Intel’s first mainstream U-series 10nm CPU looks like it’s going to be the i7-10510U, and it’s slated to power the soon-to-be-releasted Dell XPS 13 7390 2-in-1. Benchmarks for it have just shown up on consumer-tool Geekbench’s website, but any wild expectations for the performance of this 10nm chip should be tempered based on the scores put up: The multi-core scores only show a 6.94% increase over one of the fastest 15W 8th generation Whisky Lake CPUs, the i7-8565U, while the single-core performance is actually worse.
The best scores recorded by Notebookcheck for the i7-8565U are 5547 points for 64-bit single-core and 16490 for 64-bit multi-core. On the other hand, the Core i7-10510U found in the listing for Dell’s upcoming XPS 13 7390 scores 5248 on single-core and 17676 in multi-core. That’s a 6.94% performance increase in multi-core performance but roughly a 5.5% decrease in single-core performance for the new 10th gen 10nm U-series CPU. You can see the full details on the Geekbench website here.
For comparison, remember that this i7-10510U has a base frequency of an odd 2.29 GHz and maximum turbo frequency of 4.89 GHz while the i7-8565U has a 1.8 GHz base clock and 4.6 GHz maximum. With thermal constraints being equal, you would expect the upcoming 10nm U-series CPU to be faster than an 8th gen 14nm CPU of the same series yet with lower clocks. It could be that because this is likely a pre-release XPS 13 7390 being tested, it’s yet to be optimized and better scores may be posted with time. I personally don’t expect a significant increase, however, as Intel’s troubles with the 10nm manufacturing process are extremely well-documented.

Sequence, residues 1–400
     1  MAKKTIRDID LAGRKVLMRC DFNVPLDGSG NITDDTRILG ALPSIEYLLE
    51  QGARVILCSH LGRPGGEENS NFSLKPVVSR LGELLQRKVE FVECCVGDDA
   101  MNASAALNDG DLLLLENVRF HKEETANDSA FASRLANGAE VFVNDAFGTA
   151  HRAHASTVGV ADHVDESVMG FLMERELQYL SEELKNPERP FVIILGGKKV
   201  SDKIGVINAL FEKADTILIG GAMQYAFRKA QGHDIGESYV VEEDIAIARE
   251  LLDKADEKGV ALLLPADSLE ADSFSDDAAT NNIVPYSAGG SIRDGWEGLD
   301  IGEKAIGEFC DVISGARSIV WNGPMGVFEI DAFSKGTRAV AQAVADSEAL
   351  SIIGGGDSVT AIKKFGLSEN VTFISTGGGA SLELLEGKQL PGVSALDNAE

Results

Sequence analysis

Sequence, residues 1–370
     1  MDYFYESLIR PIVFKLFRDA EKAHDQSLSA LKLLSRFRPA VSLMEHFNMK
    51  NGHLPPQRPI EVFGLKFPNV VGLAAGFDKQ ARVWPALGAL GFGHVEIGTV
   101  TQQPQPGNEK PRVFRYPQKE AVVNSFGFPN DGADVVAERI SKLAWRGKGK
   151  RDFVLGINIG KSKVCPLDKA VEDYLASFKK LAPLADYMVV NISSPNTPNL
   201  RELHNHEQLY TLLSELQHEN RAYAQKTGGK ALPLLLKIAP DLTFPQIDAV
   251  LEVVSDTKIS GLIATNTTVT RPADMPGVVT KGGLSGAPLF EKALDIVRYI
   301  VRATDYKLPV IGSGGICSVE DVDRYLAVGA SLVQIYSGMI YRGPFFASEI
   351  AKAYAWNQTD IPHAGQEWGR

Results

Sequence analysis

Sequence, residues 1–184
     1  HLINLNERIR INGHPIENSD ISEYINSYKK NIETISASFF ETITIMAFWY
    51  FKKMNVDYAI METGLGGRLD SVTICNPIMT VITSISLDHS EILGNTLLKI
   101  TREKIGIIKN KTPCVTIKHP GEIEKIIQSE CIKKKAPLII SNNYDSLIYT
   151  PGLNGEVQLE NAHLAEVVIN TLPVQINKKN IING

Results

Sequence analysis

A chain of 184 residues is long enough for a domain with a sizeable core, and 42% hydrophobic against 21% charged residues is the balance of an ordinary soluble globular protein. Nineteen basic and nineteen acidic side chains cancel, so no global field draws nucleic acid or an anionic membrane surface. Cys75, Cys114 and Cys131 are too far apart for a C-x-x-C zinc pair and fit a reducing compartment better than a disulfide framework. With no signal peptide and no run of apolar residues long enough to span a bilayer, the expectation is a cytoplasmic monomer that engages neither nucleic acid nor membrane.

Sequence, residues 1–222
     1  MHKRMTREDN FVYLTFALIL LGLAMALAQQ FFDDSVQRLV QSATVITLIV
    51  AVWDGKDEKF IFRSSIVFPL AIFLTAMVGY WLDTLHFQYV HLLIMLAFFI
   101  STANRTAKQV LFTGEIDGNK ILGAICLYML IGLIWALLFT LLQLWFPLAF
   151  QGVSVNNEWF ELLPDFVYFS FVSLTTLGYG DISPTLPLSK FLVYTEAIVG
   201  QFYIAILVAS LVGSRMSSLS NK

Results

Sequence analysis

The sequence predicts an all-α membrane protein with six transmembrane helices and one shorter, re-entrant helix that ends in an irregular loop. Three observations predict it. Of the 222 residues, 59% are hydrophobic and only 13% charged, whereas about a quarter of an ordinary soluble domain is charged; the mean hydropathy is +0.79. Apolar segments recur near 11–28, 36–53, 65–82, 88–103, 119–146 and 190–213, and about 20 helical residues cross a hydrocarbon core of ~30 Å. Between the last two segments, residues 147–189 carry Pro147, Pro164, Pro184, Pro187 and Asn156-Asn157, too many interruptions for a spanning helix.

It’s also important to point out that Geekbench is a benchmarking tool that essentially shows the best-case performance of a chip, and is often not indicative of real-world sustained performance. For sustained performance of a CPU, running Cinebench multi-core in a loop of at least 10 times is recommended. It will be very interesting to see how the first official laptops running this 10nm CPU compare to today’s 14nm Whisky-Lake U-series CPUs in real-world tests.